Born into a loud and large, New York Italian family, I began writing at a young age rather than vie for talk-time with my numerous siblings. I remember when we would pull numbers for placement to recount our exciting days over dinner. There was always an audience, but many a night, I told my stories to the dirty dishes while I scrubbed them clean.

As early as elementary school, pressed shoulder to shoulder in the family station wagon on our weekly Sunday visit to our grandparents’ house, I wrote short chapter books. Putting words on paper seemed to calm the noise and chaos in my head and the world around me. They still do. Although, when I read them back now, my characters were mostly orphans who lived alone. Maybe I should talk to someone?

               After years of marriage and motherhood, I can draw from the good. And my husband’s glad that I’ve stopped hiding packs of Oreo’s under the bed. It’s been a good couple of months.

The books I write are not about dogs. They are enhanced by them. Dogs are like taking Xanax without side effects or yoga without muscle strain.

I found my first rescue at the County Animal Shelter. A big four-month-old with cigarette burn scars down his back and a tag stapled to his ear signifying his last day on earth. I named him Thurman. If you dared to smoke near him, he’d knock it from your hand and stomp it out—my Smoky-the-bear.

Then there was Pennington. There are things you don’t learn about beagles until you live with one. They’re beautiful, but stubborn doesn’t seem strong enough of a word. For just over thirteen years, he didn’t do a single thing he disagreed with. The vet, Velcro, tin foil, fireworks, hats, and oh Lord, thunder petrified him. I loved him dearly, and he died his way, at home in my arms.

This time, I thought I’d look for a small hound. I ventured to The Big Dog Ranch Rescue for the perfect match. In hindsight, I should’ve paid attention to the name. They offered a two-month-old, black puppy, found in a box on the side of a busy road. I struggled to carry him to the car. It was July 4th, so we named him after a president. We chose Rutherford B. Hayes.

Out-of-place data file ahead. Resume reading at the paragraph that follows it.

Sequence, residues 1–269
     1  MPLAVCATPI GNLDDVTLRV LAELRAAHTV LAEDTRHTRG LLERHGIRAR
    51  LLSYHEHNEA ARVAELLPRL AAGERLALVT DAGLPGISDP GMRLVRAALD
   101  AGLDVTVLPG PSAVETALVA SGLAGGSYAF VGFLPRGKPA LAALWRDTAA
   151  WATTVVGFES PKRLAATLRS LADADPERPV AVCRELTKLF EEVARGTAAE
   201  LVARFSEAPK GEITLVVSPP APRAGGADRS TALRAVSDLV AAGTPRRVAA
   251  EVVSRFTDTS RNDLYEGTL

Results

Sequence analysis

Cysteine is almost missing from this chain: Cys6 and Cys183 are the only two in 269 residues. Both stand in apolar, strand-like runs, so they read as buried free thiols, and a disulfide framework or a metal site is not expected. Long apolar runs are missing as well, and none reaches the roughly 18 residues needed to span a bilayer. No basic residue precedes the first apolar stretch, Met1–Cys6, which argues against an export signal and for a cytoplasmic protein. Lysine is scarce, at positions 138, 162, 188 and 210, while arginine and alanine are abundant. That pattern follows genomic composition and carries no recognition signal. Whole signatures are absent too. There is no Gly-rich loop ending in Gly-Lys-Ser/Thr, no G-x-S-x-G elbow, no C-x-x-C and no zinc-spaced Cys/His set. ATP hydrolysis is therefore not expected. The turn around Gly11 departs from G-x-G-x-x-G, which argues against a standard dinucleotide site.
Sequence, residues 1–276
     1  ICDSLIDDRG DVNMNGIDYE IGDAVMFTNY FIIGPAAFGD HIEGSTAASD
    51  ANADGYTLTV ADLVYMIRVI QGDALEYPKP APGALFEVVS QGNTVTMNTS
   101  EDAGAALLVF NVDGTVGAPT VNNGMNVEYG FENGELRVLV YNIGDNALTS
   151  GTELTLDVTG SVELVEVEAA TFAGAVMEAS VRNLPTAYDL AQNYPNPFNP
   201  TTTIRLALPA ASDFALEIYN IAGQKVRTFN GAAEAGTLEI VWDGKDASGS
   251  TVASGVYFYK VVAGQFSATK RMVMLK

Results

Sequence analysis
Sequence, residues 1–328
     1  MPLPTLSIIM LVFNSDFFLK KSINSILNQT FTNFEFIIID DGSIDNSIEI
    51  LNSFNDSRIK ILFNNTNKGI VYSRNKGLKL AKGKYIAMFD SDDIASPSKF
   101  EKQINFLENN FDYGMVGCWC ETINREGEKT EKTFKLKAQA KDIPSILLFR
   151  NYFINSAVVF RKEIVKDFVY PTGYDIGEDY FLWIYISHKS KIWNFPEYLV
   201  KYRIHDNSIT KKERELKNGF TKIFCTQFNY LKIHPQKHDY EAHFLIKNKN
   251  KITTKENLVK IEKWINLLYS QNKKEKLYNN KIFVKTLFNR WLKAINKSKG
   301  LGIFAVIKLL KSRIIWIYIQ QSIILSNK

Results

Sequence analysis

Rutherford grows faster than bamboo. It seems every time I put him in his crate, he doubles in size. I’m beginning to think it works like a bread oven and may spend some time in there in my quest to get taller. He jumps over couches, stands on the kitchen table, and sits on the washer! He now weighs close to seventy pounds and wears a size 2X harness at just over six months. I did a DNA test feeling sure he was part Raptor and part kangaroo. It turns out he’s half Black Lab and half Treeing Walker Coonhound. It all makes him a sloppy, floppy, loveable giant, and quite a blessing. I’m thinking of a saddle instead of a leash for our trips around the block.


I have two suspenseful novels, with a touch of romance, currently available, and another coming soon.

ABSOLUTE RECALL is about a young woman named Reagan Martin who, forced on the run, uses stolen identities while being hunted by the mob, all because of her eidetic memory. She has one very special agent working to find her before it’s too late.

I LOVE YOU TO PIECES tells the story of Olivia Harding, who strives for a normal life after surviving a privileged but cruel childhood: college, a job, and a thrilling romance. But it’s all a lie. There’s nothing ordinary about Olivia. When she’s charged with murder, she’s in jeopardy of losing what’s left of her sanity, the man she loves, and possibly her life. She’ll have to share her secrets. But to what end.

YOU’RE MY FAVORITE (Coming Soon/Working Title) is about Delaney Shea, a bestselling author targeted by a psycho serial killer. She fears for her life and those of her family and friends and forms a plan to disappear without a trace. She hopes this will keep them alive and out of danger. Sometimes plans work better on paper.